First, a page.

with their depraved passion for that pursuit. How absolutely devoid of any public conscience are its ruling classes, may be gathered from the fact that one of its most distinguished physicians can not only perform, but publish, an account of an “experiment” in which he states that he deliberately burnt out with red-hot irons various portions of the brain of a young dog; that because of its terrible cries he beat it, and because the beating produced no effect in quieting it, pronounced it “incorrigible;” and after some days he was obliged reluctantly to kill it, not for mercy’s sake, but because its irrepressible howlings disturbed the neighbourhood. This is but a single item of the myriad horrors upon which, according to the solemn assurance of the chief priests and Pharisees of our own medical world, a true civilisation and science of healing alone can be reared. So utterly lost are the French public of the middle and upper classes in respect of the intuitional faculty, and so utterly have they abandoned themselves to the dictation of their various orthodoxies, that even a physiological lesson to a school of young girls is hardly considered complete unless illustrated by experimentations upon living animals. In an instance which carne to my knowledge, one of the children
objected so vehemently to the exhibition that she had to be removed. She was English.
Alas! to reflect that such sweet invaluable sympathies will soon vanish before a little experience of the country life of England, where animal murder is exalted at once into a religion and a science; where a sacrifice of blood is the only condition on which life is held to be tolerable; and where the chief ambition of an English gentleman is to be an amateur butcher!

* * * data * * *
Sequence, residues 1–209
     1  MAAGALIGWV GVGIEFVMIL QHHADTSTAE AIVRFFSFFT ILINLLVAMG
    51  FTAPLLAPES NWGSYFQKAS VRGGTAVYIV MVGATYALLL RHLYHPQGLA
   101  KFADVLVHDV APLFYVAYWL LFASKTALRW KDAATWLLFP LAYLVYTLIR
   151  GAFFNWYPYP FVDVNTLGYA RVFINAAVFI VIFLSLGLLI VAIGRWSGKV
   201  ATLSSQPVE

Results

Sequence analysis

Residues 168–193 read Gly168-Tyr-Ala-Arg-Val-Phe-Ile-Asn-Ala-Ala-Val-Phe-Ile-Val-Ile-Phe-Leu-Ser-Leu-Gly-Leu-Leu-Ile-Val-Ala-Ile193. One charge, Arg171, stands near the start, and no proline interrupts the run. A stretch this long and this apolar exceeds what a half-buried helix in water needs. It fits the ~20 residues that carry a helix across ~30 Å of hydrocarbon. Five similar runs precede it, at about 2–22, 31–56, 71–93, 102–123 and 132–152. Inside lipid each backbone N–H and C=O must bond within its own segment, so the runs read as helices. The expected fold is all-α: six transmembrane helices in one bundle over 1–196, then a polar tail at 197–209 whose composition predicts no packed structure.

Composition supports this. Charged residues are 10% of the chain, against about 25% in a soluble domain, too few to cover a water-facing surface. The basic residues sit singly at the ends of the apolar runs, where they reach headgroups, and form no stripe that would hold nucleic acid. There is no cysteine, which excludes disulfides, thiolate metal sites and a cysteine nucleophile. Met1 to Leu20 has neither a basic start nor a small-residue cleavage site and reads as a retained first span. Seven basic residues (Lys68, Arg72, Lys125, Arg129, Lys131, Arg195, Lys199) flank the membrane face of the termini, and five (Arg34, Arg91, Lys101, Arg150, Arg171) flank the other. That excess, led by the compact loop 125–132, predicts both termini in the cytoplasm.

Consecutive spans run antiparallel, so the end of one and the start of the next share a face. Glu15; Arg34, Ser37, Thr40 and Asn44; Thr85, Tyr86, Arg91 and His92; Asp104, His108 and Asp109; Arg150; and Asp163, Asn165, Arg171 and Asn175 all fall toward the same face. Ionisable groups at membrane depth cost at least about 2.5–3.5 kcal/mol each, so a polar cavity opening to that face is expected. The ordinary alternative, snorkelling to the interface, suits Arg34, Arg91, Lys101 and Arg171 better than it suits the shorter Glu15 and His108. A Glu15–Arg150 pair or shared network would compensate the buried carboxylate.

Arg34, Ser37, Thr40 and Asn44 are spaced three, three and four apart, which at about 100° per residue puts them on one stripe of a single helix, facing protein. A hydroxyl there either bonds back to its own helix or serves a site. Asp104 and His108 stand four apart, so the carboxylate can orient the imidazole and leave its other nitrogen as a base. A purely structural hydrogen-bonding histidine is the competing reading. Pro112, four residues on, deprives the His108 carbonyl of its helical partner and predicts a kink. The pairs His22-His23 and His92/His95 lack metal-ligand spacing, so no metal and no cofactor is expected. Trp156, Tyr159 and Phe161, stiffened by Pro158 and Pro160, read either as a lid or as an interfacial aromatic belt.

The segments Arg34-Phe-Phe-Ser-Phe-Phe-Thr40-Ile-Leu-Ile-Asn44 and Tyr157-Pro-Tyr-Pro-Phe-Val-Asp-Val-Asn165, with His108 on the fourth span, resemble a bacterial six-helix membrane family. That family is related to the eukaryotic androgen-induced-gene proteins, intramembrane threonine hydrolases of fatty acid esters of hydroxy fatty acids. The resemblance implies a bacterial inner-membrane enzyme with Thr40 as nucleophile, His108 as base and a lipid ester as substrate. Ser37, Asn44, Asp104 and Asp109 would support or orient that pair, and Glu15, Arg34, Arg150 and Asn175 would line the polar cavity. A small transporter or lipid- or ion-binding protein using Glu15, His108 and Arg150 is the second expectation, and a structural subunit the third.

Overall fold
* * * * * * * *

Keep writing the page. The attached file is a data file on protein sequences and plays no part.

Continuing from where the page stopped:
The aspect of a village in one of our mining districts, where I passed a recent Christmas, struck me as singularly illustrative of our condition as a people. In the towns I had, of course, been accustomed to see the festival of the new life that had been born into the world celebrated by the public exhibition in the provision shops of the usual hecatombs of animal corpses. But the fair village among the peaceful hills far surpassed in sacrificial enthusiasm any homage that a town could offer to the gory Moloch of our national orthodoxies. For some days before Christmas the population had been engaged in the annual killing of their pigs, a process which for that period had involved the incessant piercing of the skies by the agonised screams of the innocents thus massacred in advance!
The slaughter was finished by Christmas Eve,
and the villagers went out over the country
to hallelujahs about the “Lord of Life,” and “It was the joy of One,” and “How
beautiful upon the mountains!” and the next morning saw them flocking to the
village church to do further homage to the genius of the day. A thin fleece of
new-fallen snow covered the ground, as if sent expressly to signify that Nature
had condoned the violence done to herself in her porcine children, and was now
anxious only to obliterate ail traces of the deed. But the effort was
unsuccessful. For in the gutters between the white foot-and-roadways ran the
blood in streams, while every here and there a large ensanguined patch of snow
indicated the place of a standing pool of blood. The decorations of the church
and the vigour of the responses served to aggravate the incongruity of the
whole. And the only reflection possible \vas to the effect that in that rough
little village community was contained the epitome of ail
“What dost thou here,
Trampling thy mother’s bosom into blood?”
Our physiologists complain that,
if restricted in the use of torture, they will be the laughing-stock of ail
their European brethren. The man with a conscience always is a subject of
ridicule for man without a conscience, until something to make the latter admit